Academic journal article The Qualitative Report

Motherhood, Migration and Methodology: Giving Voice to the "Other"

Academic journal article The Qualitative Report

Motherhood, Migration and Methodology: Giving Voice to the "Other"

Article excerpt

This paper discusses the need for multi-cultural methodologies that develop knowledge about the maternity experience of migrant women and that are attuned to women's maternity-related requirements under multi-cultural conditions. Little is known about the transition to parenthood for mothers in a new country, particularly when the country is New Zealand. This paper will challenge the positivist hegemony of previously completed research on migrant women by reflecting on my own experience as a researcher grounded in a broadly-based, pluralistic set of critical epistemologies that allowed me to uncover the issues and contexts that impacted on the experience of migrant women. It concludes by proposing that, where research occurs with minority groups, multiple research strategies are incorporated in order to prevent the reproduction of deficiency discourses. Key words: Migration, Motherhood, Methodology, Reflexivity, Methodological Pluralism, Goa (India) and New Zealand

Introduction

In the following paper, I foreground and problematise my epistemological concerns as an insider studying my own culture in New Zealand but as an outsider situated within the academy. I was born in what was then Tanganyika and is now Tanzania into a Catholic family originating from Goa. Goa is located on the south west Coast of India and has an area of 3,701 square kilometres and a primarily agrarian economy with, more recently, a tourism and service industry (Mascarenhas-Keyes, 1979). Goa was renowned as a port as far back as the third century BC, when Buddhism was spreading through India. It was a Portuguese colony from 1510 until 1961, at which time Goa was liberated/invaded by the Indian army. There remains a tension between what has been called "Goa Indica" or Indian Goa and "Goa Dourada", which is the Westernised and colonial Goa used to sell tourism (Routledge, 2000). On May 31, 1987 Goa became the 25th state in the Republic of India (Newman, 1999). The Portuguese colonisation of Goa was a catalyst that led many Goans to become a mobile population. My family's migration history began with my great-grandfather leaving Goa to work in Burma. Subsequently, both sets of grandparents migrated to Tanganyika with their families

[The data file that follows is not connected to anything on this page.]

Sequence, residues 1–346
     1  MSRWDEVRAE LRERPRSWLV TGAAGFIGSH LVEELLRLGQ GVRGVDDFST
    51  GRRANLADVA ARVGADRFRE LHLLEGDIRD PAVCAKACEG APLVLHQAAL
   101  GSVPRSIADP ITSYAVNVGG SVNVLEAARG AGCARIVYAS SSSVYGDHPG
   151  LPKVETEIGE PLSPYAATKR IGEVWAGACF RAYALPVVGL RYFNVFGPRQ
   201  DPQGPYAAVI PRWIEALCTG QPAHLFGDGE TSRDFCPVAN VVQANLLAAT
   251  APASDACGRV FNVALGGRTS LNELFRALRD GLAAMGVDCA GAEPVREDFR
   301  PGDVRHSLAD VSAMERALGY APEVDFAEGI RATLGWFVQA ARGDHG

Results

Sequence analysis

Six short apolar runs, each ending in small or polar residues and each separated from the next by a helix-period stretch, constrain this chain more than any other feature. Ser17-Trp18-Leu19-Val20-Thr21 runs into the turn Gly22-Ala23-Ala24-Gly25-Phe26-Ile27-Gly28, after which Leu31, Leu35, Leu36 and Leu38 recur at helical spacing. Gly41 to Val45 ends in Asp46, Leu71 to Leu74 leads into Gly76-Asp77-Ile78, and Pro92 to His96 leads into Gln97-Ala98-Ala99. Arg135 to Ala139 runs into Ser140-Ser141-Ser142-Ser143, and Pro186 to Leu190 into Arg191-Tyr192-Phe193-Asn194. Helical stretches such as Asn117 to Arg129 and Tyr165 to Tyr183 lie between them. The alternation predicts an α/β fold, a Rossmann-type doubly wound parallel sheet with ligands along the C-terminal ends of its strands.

When I was two my family moved from Tanzania to Kenya and as a result of these experiences I became exposed to multiple heritages and languages, including Maragoli, Swahili, Konkani, and English. Then in 1975, as a result of the unease resulting from the expulsion of "Asians" (meaning people from Bangladesh, Pakistan, and India) from Uganda in 1972 and the process of "Kenyanisation", where Kenyan's were privileged over others my parents decided to migrate to New Zealand (Gracias, 2000).Settling in New Zealand was difficult financially, socially, and emotionally. In East Africa there had been a very strong Goan and Indian symbiotic community that provided cultural links. Despite being "foreign" there was a sub-culture in East Africa that was supportive and understood by Africans. In New Zealand we were different again, but less well understood.

I have named these migration sites to locate my research, this paper and myself geographically and historically to show how my identity has been shaped by colonialism. As Hall (1996) observes, all writers speak from a particular place and so it is important that they locate their own experiences and culture in their writing. I do not claim that there is anything essentially "Goan" about my own identity or experiences. Indeed they are a melange of African and New Zealand cultures underpinned by a reminiscence of the multiple influences of Goan culture, itself a rich blend of Hindu, Muslim, Buddhist, Jain, and Portuguese (Gracias, 2000). This discussion has also raised the issue of language. English is the language of my intellectual make-up but not my emotional make up (Rao, 1995). English is not my first language, it is not even my second but my third language, yet in this paper I must, to paraphrase Rao, attempt to convey in a language that is not my own, the spirit that is my own. …

Search by... Author
Show... All Results Primary Sources Peer-reviewed

Oops!

An unknown error has occurred. Please click the button below to reload the page. If the problem persists, please try again in a little while.